Sunday, September 3, 2017

A Grand Duchess

The Duchess of Oldenburg
significant because it's the first fruit of our tree grafting efforts
Development of our apple orchards includes a grafting program. For the past few springs, Arthur has set up shop in "the shop", surrounded by buckets of grafting sticks and root stocks. The rusty one-burner propane stove (used to heat water for morning coffee on long-ago camping trips) sits on the workbench to warm up the grafting wax concoction he uses.
One major goal of his grafting program is to identify and save trees that populate the back yards and fields of our neighbors.  These old trees have been bearing fruit that has been finding its way into pantries and pie crusts for generations.
Some of these trees are varieties that are not identified by names, such as the one we've tagged as "Snyder Milk House Apple." This early apple grows on a gnarly tree in the pasture of Paul and Cathy Snyder down the Dingman Run Road from us. Paul's father, Steven, referred to it as "common fruit" and the family has used it for applesauce for generations.
Our fledgling nursery has grafts for the Snyder Milk House Apple as well as the Tucker apple from Colesburg, Kenyon's Sweet Apple and Strawberry Apples from the Kidney farm and many more.
In the picture above, Arthur holds the first fruit of a tree he grafted three years ago. It's an old variety called Duchess of Oldenburg. The scion for the graft came from the Sunset Valley Farm of John and Karlene Peet.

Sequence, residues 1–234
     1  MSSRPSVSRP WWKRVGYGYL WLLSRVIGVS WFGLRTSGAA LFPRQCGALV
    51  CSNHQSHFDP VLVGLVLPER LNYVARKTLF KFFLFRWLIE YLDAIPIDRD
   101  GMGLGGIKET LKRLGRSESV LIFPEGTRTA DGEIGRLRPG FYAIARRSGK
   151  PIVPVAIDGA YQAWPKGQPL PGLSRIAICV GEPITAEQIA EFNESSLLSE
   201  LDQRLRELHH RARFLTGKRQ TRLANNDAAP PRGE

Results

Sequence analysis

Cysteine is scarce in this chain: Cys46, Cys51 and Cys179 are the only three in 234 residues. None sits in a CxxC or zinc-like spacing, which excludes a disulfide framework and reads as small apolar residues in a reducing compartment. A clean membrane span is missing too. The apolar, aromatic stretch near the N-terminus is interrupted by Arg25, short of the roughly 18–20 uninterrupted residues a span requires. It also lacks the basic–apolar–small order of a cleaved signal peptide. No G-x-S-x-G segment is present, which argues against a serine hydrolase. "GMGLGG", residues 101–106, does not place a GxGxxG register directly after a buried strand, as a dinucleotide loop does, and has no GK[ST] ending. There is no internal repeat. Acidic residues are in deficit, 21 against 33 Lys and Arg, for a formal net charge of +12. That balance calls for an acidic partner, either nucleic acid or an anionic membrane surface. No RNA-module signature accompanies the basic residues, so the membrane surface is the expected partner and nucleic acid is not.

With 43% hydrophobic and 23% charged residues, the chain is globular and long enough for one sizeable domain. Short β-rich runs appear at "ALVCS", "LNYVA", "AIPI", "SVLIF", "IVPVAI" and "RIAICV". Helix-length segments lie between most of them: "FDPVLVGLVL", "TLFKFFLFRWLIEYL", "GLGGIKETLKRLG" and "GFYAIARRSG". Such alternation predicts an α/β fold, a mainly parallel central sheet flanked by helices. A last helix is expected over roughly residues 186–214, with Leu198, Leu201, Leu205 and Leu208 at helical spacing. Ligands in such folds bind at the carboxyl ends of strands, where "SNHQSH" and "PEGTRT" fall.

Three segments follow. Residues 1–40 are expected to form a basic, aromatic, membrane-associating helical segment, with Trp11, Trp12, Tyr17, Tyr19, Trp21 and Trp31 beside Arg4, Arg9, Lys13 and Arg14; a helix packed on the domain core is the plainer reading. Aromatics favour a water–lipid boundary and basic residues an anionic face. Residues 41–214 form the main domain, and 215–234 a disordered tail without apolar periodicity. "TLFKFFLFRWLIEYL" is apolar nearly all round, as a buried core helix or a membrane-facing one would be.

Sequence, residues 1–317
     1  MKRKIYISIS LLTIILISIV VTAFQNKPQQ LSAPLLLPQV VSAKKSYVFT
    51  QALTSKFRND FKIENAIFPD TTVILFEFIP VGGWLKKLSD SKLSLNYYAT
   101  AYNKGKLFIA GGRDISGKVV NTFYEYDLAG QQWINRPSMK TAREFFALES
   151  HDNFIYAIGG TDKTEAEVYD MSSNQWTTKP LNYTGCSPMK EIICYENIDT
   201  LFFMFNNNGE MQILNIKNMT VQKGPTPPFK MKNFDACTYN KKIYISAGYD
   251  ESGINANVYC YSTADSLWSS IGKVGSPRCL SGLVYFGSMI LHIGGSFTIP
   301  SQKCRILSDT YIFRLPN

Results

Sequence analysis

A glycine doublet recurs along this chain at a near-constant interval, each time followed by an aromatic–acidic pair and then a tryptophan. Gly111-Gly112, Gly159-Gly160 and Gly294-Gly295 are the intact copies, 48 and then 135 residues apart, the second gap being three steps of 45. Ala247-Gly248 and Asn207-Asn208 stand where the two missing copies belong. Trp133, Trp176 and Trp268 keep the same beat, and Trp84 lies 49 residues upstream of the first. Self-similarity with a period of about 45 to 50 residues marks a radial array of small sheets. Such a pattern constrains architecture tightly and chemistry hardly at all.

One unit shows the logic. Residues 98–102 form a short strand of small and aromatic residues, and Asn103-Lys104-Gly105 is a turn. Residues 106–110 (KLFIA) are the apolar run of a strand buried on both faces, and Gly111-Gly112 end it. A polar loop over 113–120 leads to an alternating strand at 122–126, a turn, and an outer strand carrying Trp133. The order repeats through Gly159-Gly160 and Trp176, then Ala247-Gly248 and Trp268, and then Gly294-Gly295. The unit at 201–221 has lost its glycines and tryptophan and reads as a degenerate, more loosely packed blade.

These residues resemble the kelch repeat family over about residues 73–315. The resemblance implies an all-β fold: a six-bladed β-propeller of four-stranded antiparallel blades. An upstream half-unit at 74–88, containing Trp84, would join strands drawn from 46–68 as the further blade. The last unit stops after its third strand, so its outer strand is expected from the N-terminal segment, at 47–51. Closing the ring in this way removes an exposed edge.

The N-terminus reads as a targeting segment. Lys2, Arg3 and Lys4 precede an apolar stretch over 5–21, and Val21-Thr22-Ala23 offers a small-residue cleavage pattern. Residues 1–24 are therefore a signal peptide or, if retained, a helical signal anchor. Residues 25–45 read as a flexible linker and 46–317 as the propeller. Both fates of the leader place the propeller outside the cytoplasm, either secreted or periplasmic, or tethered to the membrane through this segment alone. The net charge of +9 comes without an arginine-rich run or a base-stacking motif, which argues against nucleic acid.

The Oldenburg “kept up the hope of prairie orchardists in times of great discouragement,” according to The Apples of New York, Volume II, by S. A. Beach (J. B. Lyon Co., 1905).
And so today, the Oldenburg is keeping up the hopes of the Metzgers on our heritage farm on Crandall Hill, Potter County, Pennsylvania.


Leslie said...

Great story of a great apple. There is Duchess of Oldenburg tree in the old orchard that came with this farm we purchased 10 years ago.

Anonymous said...

Wooleylot says....Heard much about Uncle Steven's sauerkraut made in the very traditional way, probably served with applesauce on New Year's Day.

Arthur Metzger/Metzger Heritage Farm said...

Every year for decades there was a knock on our door around Christmas time. It was Steven Snyder with his homemade sauerkraut, delivered in time for first day of the new year enjoyment. And there was always a friendly trade. Steven would go home with a bag of Northern Spy apples brought up from the cold cellar. He'd also come around with parsnips in the spring.